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Thank you submitting the revised version of your manuscript. I am pleased to inform you your manuscript has been accepted for publication in PeerJ.
The reviewers comments are now in and they have made a few minor suggestions you may want to consider.
No comments. The paper adheres to the formal requirements.
No comments. The experimental design is sound.
No comments. Data are interesting and well elaborated.
Although the paper is written in quite good English, the Result section is a little little tricky, due to the long and confusing listing of results. Probably they could be usefully organized in tables.
This is a valuable contribution that substantially expands our knowledge of role of parasites in the course of an ongoing biological invasion.
My main criticism is associated with the use of some terms that, in my opinion, are not appropriate. "Mixed population" in the title of the article and throughout as well as "monospecific population" in several places of the text seem incorrect expressions. Population is by definition a group of individuals of one species, or at least individuals that interbreed (which does not seem to be the case with these brine shrimps). My suggestion is to check carefully the text and use "syntopic" or "coexisting" instead of "mixed". In the case of "monospecific", this is "a population existing without co-occurrence of other congeneric species".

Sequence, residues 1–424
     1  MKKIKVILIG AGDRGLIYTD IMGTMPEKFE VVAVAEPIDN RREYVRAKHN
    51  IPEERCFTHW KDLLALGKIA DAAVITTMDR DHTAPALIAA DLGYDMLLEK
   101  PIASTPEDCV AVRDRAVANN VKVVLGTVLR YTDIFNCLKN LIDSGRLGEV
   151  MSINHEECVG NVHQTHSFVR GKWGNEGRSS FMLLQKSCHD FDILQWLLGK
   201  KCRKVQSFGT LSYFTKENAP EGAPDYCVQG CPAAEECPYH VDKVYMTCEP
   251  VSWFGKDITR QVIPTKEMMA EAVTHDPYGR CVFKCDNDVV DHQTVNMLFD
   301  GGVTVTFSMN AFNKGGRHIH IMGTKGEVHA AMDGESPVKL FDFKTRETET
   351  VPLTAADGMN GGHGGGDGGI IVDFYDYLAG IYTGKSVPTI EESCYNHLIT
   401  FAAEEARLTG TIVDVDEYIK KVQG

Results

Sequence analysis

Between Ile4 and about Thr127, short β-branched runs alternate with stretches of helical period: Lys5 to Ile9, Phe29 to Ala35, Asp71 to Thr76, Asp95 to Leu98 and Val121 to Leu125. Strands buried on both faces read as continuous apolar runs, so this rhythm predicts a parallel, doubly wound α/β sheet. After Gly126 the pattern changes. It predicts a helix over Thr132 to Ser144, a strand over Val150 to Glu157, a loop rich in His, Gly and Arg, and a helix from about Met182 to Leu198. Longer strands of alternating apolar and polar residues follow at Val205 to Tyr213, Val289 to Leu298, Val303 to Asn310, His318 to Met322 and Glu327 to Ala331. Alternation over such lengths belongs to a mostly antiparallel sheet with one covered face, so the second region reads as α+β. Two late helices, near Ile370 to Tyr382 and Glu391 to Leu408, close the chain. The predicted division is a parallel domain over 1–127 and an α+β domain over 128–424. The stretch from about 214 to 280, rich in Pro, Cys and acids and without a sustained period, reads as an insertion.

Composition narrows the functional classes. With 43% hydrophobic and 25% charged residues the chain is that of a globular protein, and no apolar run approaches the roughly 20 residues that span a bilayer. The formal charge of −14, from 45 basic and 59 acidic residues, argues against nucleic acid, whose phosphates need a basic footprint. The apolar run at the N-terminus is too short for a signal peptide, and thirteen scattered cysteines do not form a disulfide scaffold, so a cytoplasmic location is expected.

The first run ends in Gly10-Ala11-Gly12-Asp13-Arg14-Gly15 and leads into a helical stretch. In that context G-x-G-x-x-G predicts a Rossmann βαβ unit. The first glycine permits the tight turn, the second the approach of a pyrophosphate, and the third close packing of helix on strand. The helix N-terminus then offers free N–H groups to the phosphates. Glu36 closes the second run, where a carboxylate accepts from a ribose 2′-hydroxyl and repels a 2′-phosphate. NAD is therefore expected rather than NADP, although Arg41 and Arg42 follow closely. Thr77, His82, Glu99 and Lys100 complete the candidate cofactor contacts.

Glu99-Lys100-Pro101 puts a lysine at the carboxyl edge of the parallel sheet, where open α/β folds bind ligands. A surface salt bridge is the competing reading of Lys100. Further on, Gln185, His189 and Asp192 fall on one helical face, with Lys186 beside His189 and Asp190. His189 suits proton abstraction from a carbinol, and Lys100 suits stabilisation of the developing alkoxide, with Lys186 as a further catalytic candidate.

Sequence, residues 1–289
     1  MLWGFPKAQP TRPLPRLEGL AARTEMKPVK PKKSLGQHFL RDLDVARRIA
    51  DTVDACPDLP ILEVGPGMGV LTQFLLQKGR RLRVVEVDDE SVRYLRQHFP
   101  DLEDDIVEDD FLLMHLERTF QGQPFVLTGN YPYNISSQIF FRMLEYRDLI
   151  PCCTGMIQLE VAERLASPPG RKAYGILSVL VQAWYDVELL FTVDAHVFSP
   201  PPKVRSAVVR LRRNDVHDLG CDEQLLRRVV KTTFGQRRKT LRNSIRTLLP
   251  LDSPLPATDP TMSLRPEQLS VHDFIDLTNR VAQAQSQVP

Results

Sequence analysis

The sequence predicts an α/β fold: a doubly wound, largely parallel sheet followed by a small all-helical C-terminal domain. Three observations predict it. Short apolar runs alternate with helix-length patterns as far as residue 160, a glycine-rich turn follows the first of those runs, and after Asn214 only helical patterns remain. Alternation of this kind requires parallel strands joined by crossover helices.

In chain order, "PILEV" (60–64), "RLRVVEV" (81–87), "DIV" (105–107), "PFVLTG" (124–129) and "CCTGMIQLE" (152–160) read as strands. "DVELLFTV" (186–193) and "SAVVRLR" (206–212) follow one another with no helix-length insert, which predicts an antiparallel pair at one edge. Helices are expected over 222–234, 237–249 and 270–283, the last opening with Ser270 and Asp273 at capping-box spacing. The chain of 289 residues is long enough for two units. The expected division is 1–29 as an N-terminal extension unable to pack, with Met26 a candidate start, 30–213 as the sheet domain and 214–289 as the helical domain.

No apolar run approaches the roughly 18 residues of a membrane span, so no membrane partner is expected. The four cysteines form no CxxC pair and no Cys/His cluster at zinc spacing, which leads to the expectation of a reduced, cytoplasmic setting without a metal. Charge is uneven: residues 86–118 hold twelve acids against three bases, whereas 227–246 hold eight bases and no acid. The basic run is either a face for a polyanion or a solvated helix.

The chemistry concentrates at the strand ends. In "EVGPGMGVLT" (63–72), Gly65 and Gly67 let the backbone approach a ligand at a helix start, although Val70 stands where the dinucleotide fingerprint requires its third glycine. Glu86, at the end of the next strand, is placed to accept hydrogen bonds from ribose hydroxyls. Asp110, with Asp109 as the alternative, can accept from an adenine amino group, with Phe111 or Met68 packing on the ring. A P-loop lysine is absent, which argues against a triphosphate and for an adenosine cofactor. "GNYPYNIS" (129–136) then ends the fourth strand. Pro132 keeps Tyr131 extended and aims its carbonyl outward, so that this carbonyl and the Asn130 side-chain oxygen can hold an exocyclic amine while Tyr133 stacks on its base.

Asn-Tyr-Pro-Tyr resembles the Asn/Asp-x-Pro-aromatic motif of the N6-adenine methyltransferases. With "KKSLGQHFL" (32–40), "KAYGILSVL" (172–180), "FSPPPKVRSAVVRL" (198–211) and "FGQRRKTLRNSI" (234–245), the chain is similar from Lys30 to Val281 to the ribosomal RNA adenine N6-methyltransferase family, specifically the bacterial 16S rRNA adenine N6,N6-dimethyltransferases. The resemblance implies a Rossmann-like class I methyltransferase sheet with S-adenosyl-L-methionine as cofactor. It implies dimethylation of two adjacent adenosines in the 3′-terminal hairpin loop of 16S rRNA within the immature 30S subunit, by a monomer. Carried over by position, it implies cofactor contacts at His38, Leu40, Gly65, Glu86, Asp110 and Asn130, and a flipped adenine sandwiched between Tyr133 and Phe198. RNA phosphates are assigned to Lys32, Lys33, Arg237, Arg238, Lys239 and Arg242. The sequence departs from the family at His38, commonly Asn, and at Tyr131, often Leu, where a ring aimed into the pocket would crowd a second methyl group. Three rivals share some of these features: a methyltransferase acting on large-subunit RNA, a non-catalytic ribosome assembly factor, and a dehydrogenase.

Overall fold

In addition, some further suggestions, mostly of editorial characters, are presented in the fourth part of this report.
1. Line 28: Remove parentheses from “(Kellogg, 1906)”. This species was originally described as a member of the genus Artemia and therefore, according to the International Code of Zoological Nomenclature, the name of its author and the year of publication should not be in parentheses.
2. Line 34: Replace “Leach, 1819” with “Linnaeus, 1758” (but retain the parentheses because this species was originally described as a member of another genus.
3. Lines 34-35: Remove parentheses from “(Bowen & Sterling, 1978)”.
4. Line 74 and throughout: I would avoid using the word “endemic” because it has different meaning in epidemiology and in biogeography. Since both epidemiological and biogeographical aspects are relevant in the present paper, I would recommend to use “native” instead “endemic”.
5. Line 109: Replace the semicolon with comma.
6. Line 124 and throughout: Perhaps “unpublished” should be replaced with “in preparation” or “submitted”.
7. Line 139: Replace “mixed” with “syntopic”. Replace “populations” with “population”.
8. Line 163: Replace “a syntopic population“ with “syntopic populations”.
9. Line 275: Replace “specie” with “species”.
10. Line 284: Delete “monopecific”.
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